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How to set up a chart of accounts

What is the chart of accounts?

The chart of accounts sits just under the five main accounts in the general ledger. You can learn more about the main accounts in our chapter on double-entry bookkeeping.


Figure 1, The five main accounts that make up a general ledger.

A business can create as many sub-accounts as it needs to categorise its transactions. However there are some standard accounts that are typically used across most businesses.

What is the purpose of a chart of accounts?

A chart of accounts groups together transactions of a certain type. This allows you to produce detailed reports into specific areas of the business and its finances.

Standard chart of accounts

A standard chart might look like this:

ASSETS
CashBank account balance, cash
Accounts ReceivablesAmount owed to the business for product or services performed
PrepaymentsAmounts paid for goods or services not yet delivered
InventoryInventory purchased but not yet sold
EquipmentValue of Equipment used by the business
VehiclesValue of Vehicles used by the business
LIABILITIES
Accounts PayableAmounts Owed to Suppliers
PayrollAmounts Owed to employees but not yet paid
LoanAmount owed on a business loan
TaxAmount of tax collected but not yet paid


Liabilities may be organised into current liabilities and non-current liabilities. Current liabilities are amounts owed in the current year. Non-current liabilities are amounts owed next year and beyond.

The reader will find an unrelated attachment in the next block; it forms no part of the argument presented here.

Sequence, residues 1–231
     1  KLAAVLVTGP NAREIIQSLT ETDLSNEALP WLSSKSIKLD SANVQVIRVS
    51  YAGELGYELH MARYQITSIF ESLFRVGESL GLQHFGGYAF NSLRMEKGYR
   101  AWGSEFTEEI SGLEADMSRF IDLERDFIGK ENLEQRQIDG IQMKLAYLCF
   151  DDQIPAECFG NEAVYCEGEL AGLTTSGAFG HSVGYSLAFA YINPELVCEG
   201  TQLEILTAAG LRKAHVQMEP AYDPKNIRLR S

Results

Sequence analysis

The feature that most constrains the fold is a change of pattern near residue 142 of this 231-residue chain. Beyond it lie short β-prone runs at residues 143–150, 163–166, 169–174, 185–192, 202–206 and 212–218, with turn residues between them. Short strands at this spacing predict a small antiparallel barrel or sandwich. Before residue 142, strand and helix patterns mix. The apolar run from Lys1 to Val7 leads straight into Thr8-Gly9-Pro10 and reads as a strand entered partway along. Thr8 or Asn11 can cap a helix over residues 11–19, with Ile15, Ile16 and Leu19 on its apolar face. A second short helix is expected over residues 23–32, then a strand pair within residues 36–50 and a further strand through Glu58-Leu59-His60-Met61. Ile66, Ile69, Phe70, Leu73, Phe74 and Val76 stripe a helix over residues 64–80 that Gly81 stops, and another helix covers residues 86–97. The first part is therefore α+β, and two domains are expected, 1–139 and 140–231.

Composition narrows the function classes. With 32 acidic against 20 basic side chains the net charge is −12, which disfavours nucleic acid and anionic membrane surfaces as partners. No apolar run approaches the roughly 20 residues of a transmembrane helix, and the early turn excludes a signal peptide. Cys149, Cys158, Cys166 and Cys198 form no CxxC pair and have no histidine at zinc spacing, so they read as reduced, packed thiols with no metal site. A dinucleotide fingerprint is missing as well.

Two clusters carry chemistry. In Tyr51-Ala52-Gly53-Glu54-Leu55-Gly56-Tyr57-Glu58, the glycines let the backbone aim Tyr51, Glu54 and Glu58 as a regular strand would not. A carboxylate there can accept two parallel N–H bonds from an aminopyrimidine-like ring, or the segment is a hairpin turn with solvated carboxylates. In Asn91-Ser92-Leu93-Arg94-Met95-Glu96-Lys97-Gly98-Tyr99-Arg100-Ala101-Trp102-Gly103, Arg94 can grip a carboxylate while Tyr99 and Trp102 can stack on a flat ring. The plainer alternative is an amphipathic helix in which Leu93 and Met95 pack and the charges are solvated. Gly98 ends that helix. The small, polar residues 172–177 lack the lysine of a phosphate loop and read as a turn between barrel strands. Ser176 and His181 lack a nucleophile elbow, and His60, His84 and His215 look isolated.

SHAREHOLDERS EQUITY
CapitalThe Amount the owner has invested into the business
DrawingsThe Amount the owner has withdrawn for personal use
REVENUE
SalesThe amount earned from sale of products or services
Other IncomeInterest earned on investments
EXPENSES
SalariesThe amount paid to employees
SuppliesCost of goods sold
OverheadRent
UtilitiesCost of Power, water, gas
AdvertisingCost of advertising

How is a chart of accounts used in accounting software?

The five core accounts are part of any accounting software and they’re the same for every business. The categories that sit beneath them in the chart of accounts can be customised to suit your business. For example, you might create several accounts for sales revenue – one for each region you trade in, or one for each department of your business.

When you enter a transaction into your software, it may ask you where to record the opposing credit or debit. Or you can teach the software where to make the opposing entry and it will happen automatically.

Edit and import your Chart Of Accounts in Xero

To report on your accounts in a meaningful, accurate way, all your transactions need to be coded to an appropriate account code. It's important to start out with the list of account codes that's right for your business.



 

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